It also directed funding from the American Rescue Plan toward the cause, including $635,000 for a sanctioned camping site on city property off Reserve Street. More than $560,000 went to fund a community care team and provide shelter security.
The care team is operated by the Partnership Health Center and provides medical, social and housing support to clients.
“We’re continuing to take meaningful steps to create solutions where they previously didn’t exist,” said Emily Armstrong, director of the city’s Reaching Home program. “We have to take action to address the highly complex challenge that is houselessness, which means that much of this is experimental and we’re learning and adapting as we implement.”
Armstrong said the city is working closely with the county and other service partners to establish new programs and provide shelter opportunities.
In the past year, the city and county have worked with those partners to create the Temporary Safe Outdoor Space on the south side of the city, and this month, a newly sanctioned outdoor camp is set to open on city property off Reserve Street, replacing the illegal camp under the bridge.
“We also continue to work to identify ways to ensure that the voices and expertise of neighbors who have been unhoused are central to our problem solving and guide our next steps,” Armstrong said. “Addressing this challenge must be done collectively as a community, and we’re on the right track to make meaningful change together.”
The city’s allocation of funding toward homelessness hasn’t stopped there. More than $430,000 is earmarked for a partnership with the Poverello Center to support the operation of the emergency winter shelter on Johnson Street.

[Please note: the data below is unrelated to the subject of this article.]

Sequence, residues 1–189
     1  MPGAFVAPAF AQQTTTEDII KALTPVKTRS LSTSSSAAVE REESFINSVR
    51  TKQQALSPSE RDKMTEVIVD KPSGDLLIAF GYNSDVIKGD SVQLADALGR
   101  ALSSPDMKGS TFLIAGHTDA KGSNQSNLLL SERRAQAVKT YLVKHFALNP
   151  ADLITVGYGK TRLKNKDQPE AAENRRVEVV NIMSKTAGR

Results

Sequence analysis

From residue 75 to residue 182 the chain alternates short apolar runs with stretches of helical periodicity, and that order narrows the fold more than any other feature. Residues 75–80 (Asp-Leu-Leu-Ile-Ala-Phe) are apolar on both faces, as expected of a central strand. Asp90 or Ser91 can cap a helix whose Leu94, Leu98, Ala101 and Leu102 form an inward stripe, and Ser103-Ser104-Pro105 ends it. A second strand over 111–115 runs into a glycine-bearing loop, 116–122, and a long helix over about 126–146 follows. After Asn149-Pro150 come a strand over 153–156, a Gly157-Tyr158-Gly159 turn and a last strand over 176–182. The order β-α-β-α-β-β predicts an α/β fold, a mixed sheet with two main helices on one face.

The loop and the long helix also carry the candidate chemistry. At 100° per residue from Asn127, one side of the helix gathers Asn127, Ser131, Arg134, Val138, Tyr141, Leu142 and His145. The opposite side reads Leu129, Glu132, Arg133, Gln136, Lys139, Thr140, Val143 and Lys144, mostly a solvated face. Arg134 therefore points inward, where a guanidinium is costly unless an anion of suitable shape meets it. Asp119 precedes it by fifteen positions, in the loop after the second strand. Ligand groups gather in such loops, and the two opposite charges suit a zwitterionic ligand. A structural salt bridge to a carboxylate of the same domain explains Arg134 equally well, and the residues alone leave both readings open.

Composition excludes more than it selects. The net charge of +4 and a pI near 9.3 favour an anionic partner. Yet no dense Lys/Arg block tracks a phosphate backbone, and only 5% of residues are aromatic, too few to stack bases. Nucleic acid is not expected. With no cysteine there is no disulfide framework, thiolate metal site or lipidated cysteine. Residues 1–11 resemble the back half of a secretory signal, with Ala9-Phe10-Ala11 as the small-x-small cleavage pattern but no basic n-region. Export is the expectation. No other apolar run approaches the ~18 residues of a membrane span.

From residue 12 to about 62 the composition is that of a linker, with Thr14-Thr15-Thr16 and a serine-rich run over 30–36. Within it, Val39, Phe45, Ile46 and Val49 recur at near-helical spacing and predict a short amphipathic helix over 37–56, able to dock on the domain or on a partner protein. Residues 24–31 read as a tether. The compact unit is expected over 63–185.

Another $211,000 has been provided to the Poverello to support critical programming for the unhoused, and $830,000 has gone to support the Poverello’s efforts to provide transitional housing for veterans.
This year, the city also is expected to award two competitive grants from its Affordable Housing Trust Fund, including services for new home buyers and supporting the construction of new housing units.
“In December, the Affordable Housing Resident Oversight Committee set the Allocation Plan for 2022 – a set of guidelines to inform how the Affordable Housing Trust Fund investments will be prioritized,” said Emily Harris-Shears, who administrates the trust fund. “New construction and preservation were prioritized following a review of data provided in the 2021 Landscape Assessment, which highlighted the lack of available supply, shrinking vacancy rates and rising housing costs in both the rental and for-sale markets.”
Added up, and city officials believe they’re beginning to move the dial on the city’s wide range of housing challenges.
“Our work in meeting Missoula’s housing needs started years ago when we agreed that we needed to be intentional in ensuring that working residents had quality housing, and you see that intentionality playing out in our various investments and efforts,” Engen said.